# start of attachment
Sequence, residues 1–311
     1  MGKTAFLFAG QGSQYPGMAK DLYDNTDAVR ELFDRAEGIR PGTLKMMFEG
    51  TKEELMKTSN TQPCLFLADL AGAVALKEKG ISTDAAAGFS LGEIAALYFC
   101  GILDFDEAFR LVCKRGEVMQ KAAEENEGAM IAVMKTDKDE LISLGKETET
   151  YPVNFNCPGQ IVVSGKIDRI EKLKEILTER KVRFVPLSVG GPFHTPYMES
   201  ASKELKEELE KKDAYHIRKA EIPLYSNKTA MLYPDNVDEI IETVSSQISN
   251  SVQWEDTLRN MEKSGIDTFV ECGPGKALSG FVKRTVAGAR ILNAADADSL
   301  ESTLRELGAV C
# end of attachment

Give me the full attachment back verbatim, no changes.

Sequence, residues 1–311
     1  MGKTAFLFAG QGSQYPGMAK DLYDNTDAVR ELFDRAEGIR PGTLKMMFEG
    51  TKEELMKTSN TQPCLFLADL AGAVALKEKG ISTDAAAGFS LGEIAALYFC
   101  GILDFDEAFR LVCKRGEVMQ KAAEENEGAM IAVMKTDKDE LISLGKETET
   151  YPVNFNCPGQ IVVSGKIDRI EKLKEILTER KVRFVPLSVG GPFHTPYMES
   201  ASKELKEELE KKDAYHIRKA EIPLYSNKTA MLYPDNVDEI IETVSSQISN
   251  SVQWEDTLRN MEKSGIDTFV ECGPGKALSG FVKRTVAGAR ILNAADADSL
   301  ESTLRELGAV C